Music by Arthur Sullivan
Libretto by W.S. Gilbert
Conductor: Gil Rose
Stage Director: Frank Kelley
Choreographer: Larry Sousa
Review by Gillian Daniels
(Boston, MA) After seeing the most recent Gilbert and Sullivan to delight Boston last night, I’ve decided to become an aesthete. One need only find an English poet with opaque poetry to adore, dress in long, flowing garments, talk about the wonders of Aestheticism, lay around, and sigh. But while Patience mocks the women who fawn over pale, tragic poet Reginald Bunthorne (the remarkably funny Aaron Engebreth), it also mocks the Dragoons who are their forgotten fiancees, the vain rival poet Archibald Grosvenor (an airily confident Paul Max Tipton), and the humble, befuddled milk maid, the titular Patience (Sara Heaton), who’s too innocent to understand what the concept of love even is. In short, this is a Gilbert and Sullivan show at its most Gilbert and Sullivan: staunchly lighthearted.
If there’s an ounce of seriousness to be had with this show, it’s with its main target, empty self-indulgence. You don’t need to know about the personas of Oscar Wilde, Swinburne, Whistler, or even pastoral poetry to understand the way the operetta lampoons passing fads. Though it doesn’t hurt.
Through the grace of the actors and the clever costuming by Amanda Mujica, the show is somehow as celebratory as it is sardonic. Everyone and everything in the story is of little consequence, building a perfect escape hatch for real world difficulties. Even Lady Jane (a stellar performance by Janna Baty), who is mocked within the show for her age and supposed lack of beauty by sexist 19th century standards, comes out triumphant both in character arc and stage presence. Baty and Engebreth have exquisite chemistry.
Now that the show has made me into an aesthete, I’m afraid I have nothing to do all day but find new ways to call it “wonderful” and “brilliant” through out this review. Maybe there are spots of imperfection, but watching staging, set design, and enthusiasm work so well in tandum smoothes out any possible wrinkles.
Part of my delight is that my expectations for Patience was only “comfortable Gilbert and Sullivan musical.” They all are, to some degree. It’s like slipping on a comfortable sweater if a sweater did pretty, repetitive rhymes and always ended with the male chorus and female chorus getting (interchangeably) married. I didn’t expect to be so fully transported by Patience’s hilarious dilemma in interpreting loving someone selflessly as loving someone to the exclusion of your own enjoyment. But the show snowballs so well until it pummels the audience with its own ridiculousness.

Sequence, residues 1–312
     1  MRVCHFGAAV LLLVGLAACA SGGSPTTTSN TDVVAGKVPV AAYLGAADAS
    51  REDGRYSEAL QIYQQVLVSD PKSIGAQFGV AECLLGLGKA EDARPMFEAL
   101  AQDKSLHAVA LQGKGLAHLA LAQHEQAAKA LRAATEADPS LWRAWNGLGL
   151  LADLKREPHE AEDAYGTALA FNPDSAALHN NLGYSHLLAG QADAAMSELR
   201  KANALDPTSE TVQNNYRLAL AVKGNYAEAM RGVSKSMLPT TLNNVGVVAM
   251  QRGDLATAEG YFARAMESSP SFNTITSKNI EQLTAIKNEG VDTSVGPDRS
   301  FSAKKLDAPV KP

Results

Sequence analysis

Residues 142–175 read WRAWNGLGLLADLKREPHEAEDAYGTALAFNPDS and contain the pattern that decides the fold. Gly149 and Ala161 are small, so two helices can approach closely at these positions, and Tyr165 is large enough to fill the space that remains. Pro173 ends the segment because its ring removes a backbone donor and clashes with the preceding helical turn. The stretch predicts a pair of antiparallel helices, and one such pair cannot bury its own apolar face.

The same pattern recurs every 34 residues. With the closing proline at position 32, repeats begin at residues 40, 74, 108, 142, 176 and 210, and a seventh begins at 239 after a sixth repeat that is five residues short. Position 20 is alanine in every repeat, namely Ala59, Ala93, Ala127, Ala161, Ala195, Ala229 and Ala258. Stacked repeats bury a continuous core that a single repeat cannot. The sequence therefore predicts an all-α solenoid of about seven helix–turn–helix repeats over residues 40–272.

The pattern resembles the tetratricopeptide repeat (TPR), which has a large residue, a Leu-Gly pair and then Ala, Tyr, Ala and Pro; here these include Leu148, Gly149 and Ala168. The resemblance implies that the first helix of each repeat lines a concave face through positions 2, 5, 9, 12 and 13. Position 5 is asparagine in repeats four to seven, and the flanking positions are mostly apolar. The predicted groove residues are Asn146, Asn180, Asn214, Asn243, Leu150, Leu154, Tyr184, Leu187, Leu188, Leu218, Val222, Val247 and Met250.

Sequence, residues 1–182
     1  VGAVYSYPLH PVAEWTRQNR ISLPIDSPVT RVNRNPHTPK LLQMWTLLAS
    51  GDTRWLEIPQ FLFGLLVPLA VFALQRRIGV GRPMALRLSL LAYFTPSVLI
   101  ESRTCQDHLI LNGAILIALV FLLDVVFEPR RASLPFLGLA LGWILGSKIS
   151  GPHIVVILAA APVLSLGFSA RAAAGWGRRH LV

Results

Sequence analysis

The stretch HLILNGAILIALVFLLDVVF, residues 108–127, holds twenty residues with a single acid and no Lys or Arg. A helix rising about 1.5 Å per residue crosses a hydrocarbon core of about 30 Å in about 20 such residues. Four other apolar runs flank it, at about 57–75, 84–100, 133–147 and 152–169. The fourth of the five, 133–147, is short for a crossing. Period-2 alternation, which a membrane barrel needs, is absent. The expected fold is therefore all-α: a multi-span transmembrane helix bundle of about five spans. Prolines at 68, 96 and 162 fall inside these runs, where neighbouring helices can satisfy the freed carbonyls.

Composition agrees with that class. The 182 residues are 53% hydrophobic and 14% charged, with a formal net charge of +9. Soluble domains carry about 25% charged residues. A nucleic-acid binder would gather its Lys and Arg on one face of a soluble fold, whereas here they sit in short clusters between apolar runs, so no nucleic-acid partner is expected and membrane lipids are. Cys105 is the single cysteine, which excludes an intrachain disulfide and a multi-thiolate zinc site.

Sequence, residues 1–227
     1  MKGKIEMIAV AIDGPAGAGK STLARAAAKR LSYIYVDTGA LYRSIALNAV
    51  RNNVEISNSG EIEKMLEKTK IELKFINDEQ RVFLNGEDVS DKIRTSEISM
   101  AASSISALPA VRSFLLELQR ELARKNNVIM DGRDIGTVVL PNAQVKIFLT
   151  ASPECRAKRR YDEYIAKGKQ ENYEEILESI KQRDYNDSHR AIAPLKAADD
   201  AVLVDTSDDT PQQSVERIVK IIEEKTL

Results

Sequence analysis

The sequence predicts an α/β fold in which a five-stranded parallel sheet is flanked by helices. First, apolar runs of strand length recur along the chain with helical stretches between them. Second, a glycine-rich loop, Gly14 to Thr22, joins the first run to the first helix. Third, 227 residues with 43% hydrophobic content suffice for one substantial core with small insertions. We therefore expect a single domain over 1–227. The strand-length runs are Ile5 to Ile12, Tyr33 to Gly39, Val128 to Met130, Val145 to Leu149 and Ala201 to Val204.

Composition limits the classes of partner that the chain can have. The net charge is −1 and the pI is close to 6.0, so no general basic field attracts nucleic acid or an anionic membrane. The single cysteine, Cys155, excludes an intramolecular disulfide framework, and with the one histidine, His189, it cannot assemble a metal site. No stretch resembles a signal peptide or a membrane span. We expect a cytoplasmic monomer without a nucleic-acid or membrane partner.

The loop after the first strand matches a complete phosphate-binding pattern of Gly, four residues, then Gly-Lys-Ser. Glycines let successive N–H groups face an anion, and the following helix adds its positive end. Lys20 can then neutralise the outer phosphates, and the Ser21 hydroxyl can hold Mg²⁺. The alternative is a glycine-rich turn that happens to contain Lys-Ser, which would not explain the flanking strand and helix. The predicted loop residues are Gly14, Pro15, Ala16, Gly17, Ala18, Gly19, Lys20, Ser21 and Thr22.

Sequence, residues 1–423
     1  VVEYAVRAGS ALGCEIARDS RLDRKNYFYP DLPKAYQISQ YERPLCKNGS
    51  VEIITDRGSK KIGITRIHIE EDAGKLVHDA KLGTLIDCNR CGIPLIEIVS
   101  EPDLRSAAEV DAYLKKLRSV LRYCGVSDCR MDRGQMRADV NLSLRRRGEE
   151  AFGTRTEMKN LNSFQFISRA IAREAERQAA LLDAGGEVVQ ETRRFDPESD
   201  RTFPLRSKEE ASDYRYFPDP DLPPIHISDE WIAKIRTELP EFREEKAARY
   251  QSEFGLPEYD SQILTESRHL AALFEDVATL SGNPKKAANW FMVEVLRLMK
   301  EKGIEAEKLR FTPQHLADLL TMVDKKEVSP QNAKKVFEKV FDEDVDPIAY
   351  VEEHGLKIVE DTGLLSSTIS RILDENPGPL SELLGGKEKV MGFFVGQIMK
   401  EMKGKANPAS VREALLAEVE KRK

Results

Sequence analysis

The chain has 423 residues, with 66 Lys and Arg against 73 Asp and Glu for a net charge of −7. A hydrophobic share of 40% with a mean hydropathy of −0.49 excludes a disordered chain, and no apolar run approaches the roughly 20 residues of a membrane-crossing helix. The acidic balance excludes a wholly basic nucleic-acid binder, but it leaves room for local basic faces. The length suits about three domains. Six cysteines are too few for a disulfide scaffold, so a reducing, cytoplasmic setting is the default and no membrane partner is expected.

For this zealous aesthete, the greatest tragedy is that the Odyssey Opera is showcasing Patience all too briefly. In mourning, I will lounge in a melancholy fashion on the floor while reflecting on the performance. Or maybe read some Oscar Wilde.
We elected a thin-skinned bigot to the office of the President dead set on turning our “democracy” into a fascist, totalitarian oligarchy dominated by the 1%. Trump is a monster. His policies, when he names them, are destructive. His narcissistic behavior is more so.
Congressional “negotiators” released a spending bill that saves the National Endowment for the Arts, the National Endowment for Humanities, and National Public Radio until September at which time, the President and his impotent cronies may still cut arts funding. It is ever important to remain vigilant. And, for the love of all that’s sacred, keep creating. If you need help, ask for it. Our existence is our resistance. May the force be with you. – KD
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